bannerHON
img
HONnews
HONnews
img PATIENT / PARTICULIER img PROFESSIONNEL DE SANTE img WEBMESTRE img
img
 
img
HONcode sites
Khresmoi - new !
HONselect
News
Conferences
Images

Themes:
A B C D E F G H I
J K L M N O P Q
R S T U V W X Y Z
Browse archive:
2017: D N O S A J J M A M F J
2016: D

 
  Other news for:

 Resources from HONselect
Take A New View of Yoga
This ancient discipline has a modern (and growing) following

By Regina Boyle Wheeler
HealthDay Reporter

WEDNESDAY, July 5, 2017 (HealthDay News) -- Want to add strength training, flexibility, and even stress reduction to your fitness plan?

Then it's time to consider -- or reconsider, if you've shied away from it in the past -- the ancient Indian practice of yoga.

Some 11 million Americans take part in one form of yoga or another. And, far from being a new-age type of exercise, it's embraced by people from all walks of life -- men as well as women, and even pro athletes, according to the American Council on Exercise. And you don't have to twist yourself into a pretzel to do it.

The most popular discipline is Hatha yoga, which stresses concentration and uses stretching and strengthening exercises. Many poses or asanas aren't complicated, but they are effective.

You can choose those specifically targeted to your needs. For example, the Warrior 2 pose improves hip flexibility and strengthens the quadriceps. The Tree pose is great at improving balance. As you hold each pose, you focus on your body, mind, and breathing. Keeping your mind in the moment can help clear your head and reduce stress.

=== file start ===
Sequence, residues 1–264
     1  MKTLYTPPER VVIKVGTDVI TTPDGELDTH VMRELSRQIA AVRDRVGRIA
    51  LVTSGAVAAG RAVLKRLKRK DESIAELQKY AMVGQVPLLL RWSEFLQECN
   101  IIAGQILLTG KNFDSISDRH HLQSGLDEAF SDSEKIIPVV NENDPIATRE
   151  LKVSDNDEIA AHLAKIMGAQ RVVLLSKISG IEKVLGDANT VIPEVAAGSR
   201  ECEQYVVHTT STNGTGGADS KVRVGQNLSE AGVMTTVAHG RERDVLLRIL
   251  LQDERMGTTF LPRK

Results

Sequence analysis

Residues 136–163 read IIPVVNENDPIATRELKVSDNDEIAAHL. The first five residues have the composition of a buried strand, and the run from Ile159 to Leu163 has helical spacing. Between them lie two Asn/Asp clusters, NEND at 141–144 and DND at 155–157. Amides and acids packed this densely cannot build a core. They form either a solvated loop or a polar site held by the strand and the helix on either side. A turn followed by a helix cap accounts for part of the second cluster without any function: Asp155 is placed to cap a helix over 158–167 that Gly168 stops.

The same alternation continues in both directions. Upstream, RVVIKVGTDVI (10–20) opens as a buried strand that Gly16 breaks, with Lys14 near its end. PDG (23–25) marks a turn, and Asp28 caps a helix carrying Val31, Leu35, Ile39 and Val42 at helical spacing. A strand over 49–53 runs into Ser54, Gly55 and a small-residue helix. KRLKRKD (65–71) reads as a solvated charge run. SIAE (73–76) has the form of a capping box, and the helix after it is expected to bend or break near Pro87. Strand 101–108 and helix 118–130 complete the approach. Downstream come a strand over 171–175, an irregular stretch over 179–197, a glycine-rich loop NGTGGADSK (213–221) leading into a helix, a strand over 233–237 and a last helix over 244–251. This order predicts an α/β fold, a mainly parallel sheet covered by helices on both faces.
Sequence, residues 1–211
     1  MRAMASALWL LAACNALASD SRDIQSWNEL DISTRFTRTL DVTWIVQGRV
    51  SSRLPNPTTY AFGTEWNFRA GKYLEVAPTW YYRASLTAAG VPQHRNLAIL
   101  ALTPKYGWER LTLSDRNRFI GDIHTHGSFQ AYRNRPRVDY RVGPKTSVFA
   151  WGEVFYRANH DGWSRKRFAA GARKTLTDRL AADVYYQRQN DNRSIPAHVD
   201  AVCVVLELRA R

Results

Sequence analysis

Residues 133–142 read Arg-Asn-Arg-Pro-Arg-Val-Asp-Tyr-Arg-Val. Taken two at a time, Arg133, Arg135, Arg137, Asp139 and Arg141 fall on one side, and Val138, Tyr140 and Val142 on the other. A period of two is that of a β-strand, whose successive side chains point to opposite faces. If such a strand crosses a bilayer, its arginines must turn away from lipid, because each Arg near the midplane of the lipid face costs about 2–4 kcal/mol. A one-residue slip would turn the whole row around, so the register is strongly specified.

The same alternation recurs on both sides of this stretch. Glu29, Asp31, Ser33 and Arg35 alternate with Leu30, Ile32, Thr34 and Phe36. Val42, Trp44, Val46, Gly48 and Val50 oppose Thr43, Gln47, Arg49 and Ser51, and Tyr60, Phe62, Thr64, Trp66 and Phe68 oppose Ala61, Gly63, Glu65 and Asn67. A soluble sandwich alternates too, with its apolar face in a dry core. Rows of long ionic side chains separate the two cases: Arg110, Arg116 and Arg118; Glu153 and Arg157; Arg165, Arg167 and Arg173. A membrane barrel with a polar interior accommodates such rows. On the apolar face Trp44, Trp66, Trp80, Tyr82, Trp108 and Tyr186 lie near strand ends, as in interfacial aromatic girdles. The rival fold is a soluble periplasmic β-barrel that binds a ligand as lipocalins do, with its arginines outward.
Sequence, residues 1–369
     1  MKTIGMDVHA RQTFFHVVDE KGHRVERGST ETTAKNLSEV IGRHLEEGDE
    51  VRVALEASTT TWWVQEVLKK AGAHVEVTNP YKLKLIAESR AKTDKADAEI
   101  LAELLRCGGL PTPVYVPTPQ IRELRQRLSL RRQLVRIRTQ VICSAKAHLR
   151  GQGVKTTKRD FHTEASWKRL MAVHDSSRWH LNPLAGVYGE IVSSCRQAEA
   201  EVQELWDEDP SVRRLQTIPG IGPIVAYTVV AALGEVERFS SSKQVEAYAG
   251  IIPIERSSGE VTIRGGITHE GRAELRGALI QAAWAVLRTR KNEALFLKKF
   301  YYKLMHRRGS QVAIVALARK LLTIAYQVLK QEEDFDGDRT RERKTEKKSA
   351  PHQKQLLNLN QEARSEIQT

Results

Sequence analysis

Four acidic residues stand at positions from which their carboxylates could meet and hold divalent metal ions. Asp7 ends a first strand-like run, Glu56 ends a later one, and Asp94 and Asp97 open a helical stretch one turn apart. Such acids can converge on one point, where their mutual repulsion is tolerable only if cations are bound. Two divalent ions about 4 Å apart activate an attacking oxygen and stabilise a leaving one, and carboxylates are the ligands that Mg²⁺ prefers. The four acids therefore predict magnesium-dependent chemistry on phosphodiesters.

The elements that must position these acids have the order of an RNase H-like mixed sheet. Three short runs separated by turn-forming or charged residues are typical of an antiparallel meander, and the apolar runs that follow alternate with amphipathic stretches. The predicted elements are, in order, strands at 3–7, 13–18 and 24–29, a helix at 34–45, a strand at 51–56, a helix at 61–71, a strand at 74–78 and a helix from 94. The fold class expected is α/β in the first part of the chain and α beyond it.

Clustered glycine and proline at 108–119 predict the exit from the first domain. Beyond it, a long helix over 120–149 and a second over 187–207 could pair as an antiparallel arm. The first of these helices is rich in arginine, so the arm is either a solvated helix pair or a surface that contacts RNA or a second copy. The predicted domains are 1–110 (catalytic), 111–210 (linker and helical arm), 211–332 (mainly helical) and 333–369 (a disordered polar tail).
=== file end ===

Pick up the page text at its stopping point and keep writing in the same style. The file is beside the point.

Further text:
Yoga can be good medicine, too. Research has found that it can improve lung function in people with the lung condition COPD. Other research shows that it can improve pain, disability, and depression in those with chronic low back pain, according to the U.S. National Center for Complementary and Integrative Health.

Before starting a yoga class, make sure you know what you're getting into. Some types of yoga, like hot yoga or power yoga, are more challenging than others. They may not be the best choices for beginners or people with certain health conditions.

So, ask questions before you commit to a class. Finding the right fit for you could benefit your mind, body and spirit.

More information

The American Council on Exercise has more on the benefits of yoga.

Copyright © 2017 HealthDay. All rights reserved. URL:http://consumer.healthday.com/Article.asp?AID=723296

Resources from HONselect: HONselect is the HON's medical search engine. It retrieves scientific articles, images, conferences and web sites on the selected subject.
Lung
Pain
Back Pain
The list of medical terms above are retrieved automatically from the article.

Disclaimer: The text presented on this page is not a substitute for professional medical advice. It is for your information only and may not represent your true individual medical situation. Do not hesitate to consult your healthcare provider if you have any questions or concerns. Do not use this information to diagnose or treat a health problem or disease without consulting a qualified healthcare professional.
Be advised that HealthDay articles are derived from various sources and may not reflect your own country regulations. The Health On the Net Foundation does not endorse opinions, products, or services that may appear in HealthDay articles.


Inicio img Sobre nosotros img Rincón de la prensa img Boletín HON img Mapa del sitio img Política ética img Contactos